As a second generation satellite navigation system, Galileo will offer several signal enhancements resulting in improved accuracy, more resistance against multi-path reflections and interference and will provide with global integrity and the authentication concept a main differentiator to the GPS and Russia’s Global'naya Navigatsionnaya Sputnikovaya Sistema (GLONASS). Furthermore, unlike GPS and GLONASS, Galileo is designed as a ‘civil system under civil control’, meaning that continuity of service is guaranteed. This last point is quite important if one keeps in mind that today more than 7% of EU GDP (including financial sector, transport, telecommunications, power grids and stock trading systems) is dependent on the availability of GPS. Therefore, a (temporary) limitation or degradation of GPS signals will have tremendous effects on our economy and society, without other independent GNSS systems in place.

The Galileo project is carried out in four phases:

1.  The Definition Phase was completed in 2001 and resulted in the system design and architecture as well as in the definition of the services.

2.  The Development and Validation Phase started in 2002 and should originally run until 2005. Two experimental satellites (GIOVE-A, GIOVE-B) were launched which fulfilled the primary task to securing the frequency filings. In-Orbit Validation (IOV) using four fully-fledged satellites are expected to be launched towards half 2011 and the beginning of 2012.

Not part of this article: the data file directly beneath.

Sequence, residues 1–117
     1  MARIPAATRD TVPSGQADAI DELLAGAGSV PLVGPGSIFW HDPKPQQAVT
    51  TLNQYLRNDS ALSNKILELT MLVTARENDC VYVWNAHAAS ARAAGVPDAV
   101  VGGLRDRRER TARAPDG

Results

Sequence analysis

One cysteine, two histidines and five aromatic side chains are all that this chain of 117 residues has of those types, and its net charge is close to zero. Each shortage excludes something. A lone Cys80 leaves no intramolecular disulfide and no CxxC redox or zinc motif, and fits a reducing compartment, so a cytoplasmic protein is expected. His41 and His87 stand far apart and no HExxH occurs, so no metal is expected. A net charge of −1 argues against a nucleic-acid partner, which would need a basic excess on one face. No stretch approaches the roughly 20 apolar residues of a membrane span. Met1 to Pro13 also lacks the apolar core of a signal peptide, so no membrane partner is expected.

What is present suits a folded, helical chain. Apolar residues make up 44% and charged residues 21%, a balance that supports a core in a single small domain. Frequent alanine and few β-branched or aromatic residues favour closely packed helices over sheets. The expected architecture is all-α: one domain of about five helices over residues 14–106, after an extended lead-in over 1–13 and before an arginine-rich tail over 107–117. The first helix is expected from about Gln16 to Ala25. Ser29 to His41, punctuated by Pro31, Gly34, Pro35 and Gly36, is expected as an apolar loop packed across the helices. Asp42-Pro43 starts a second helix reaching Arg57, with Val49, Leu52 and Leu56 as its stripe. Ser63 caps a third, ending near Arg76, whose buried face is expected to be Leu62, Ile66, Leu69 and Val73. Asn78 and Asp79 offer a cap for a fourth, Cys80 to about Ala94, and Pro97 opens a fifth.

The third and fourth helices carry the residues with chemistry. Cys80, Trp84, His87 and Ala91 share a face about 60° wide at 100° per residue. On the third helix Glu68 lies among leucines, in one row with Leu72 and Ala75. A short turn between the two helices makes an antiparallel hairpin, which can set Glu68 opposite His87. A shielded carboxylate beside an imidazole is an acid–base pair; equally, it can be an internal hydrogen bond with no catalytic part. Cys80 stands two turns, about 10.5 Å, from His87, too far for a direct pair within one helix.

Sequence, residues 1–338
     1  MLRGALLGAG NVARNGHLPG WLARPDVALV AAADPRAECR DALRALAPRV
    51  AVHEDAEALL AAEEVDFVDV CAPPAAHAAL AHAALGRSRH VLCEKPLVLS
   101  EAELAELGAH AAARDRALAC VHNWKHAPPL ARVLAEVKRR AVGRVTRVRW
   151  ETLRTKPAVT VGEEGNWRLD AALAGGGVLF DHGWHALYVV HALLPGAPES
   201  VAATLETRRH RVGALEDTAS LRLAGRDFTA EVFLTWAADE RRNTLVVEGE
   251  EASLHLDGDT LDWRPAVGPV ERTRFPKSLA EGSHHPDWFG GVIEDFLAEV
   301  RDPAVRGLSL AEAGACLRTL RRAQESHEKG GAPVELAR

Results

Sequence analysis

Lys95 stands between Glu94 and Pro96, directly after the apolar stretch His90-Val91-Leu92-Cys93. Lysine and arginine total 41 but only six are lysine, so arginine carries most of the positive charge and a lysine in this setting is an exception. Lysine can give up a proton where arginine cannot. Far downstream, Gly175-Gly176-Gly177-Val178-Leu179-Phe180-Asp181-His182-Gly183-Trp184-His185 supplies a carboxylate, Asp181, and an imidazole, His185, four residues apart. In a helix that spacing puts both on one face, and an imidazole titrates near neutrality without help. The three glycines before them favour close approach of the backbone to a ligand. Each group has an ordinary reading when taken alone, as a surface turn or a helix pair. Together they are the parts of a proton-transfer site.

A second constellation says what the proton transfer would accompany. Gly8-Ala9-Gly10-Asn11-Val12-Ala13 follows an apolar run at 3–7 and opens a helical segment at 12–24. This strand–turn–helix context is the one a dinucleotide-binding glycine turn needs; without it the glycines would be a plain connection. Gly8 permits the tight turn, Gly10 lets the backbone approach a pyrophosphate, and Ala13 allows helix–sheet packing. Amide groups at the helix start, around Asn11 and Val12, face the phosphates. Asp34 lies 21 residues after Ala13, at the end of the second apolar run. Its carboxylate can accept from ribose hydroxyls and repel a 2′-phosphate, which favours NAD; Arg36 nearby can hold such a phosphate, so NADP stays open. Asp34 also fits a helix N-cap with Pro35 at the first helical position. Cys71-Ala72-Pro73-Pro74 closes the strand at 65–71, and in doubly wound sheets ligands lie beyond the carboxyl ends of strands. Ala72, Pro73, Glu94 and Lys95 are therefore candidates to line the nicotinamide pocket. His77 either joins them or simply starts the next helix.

3.  The Deployment Phase comprises the building up the full Galileo system by launching the complete constellation of 30 satellites, including spares, and building up the ground structure.

4.  The Operational Phase will start after the completion of full operational capability (FOC).

The deployment of the Galileo constellation is procured in accordance with the EU rules on public procurement, aiming at open access and fair competition to create a level-playing field for potential bidders. The procurement has been split into six main work packages, with detailed rules regarding prime contractors and other entities and the percentage of contracts to be awarded to SMEs.

Galileo was intended to be developed as a Public Private Partnership (PPP). PPP negotiations collapsed in spring 2007 and have led to a re-profiling of the Galileo system. The European GNSS Programme is now funded fully by the Union budget with a budget of EUR 3.4 billion until 2014.

Indirect benefits of the programme are estimated to be around EUR 60 billion per year (including the downstream and upstream market and public benefits). GNSS is seen as a disruptive technology (like ICT), with high potential for innovation, the building up of a high-tech knowledge-base and productivity gains in many sectors. Annual growth rates of the market for GNSS-enabled products and services are estimated to be above 10%.

Galileo is owned by the EU. Its public governance and management can be summarised as follows:

· Political oversight is assured by the European Parliament and the Council. A Galileo Inter-institutional Panel has been created to this end.

· The Commission acts as programme manager.

· The EU GNSS Agency (GSA) is assisting the Commission, acts as Accreditation Authority and is responsible for preparing the market and organizing certification.

· The European Space Agency (ESA) is the prime contractor or procurement and design agent.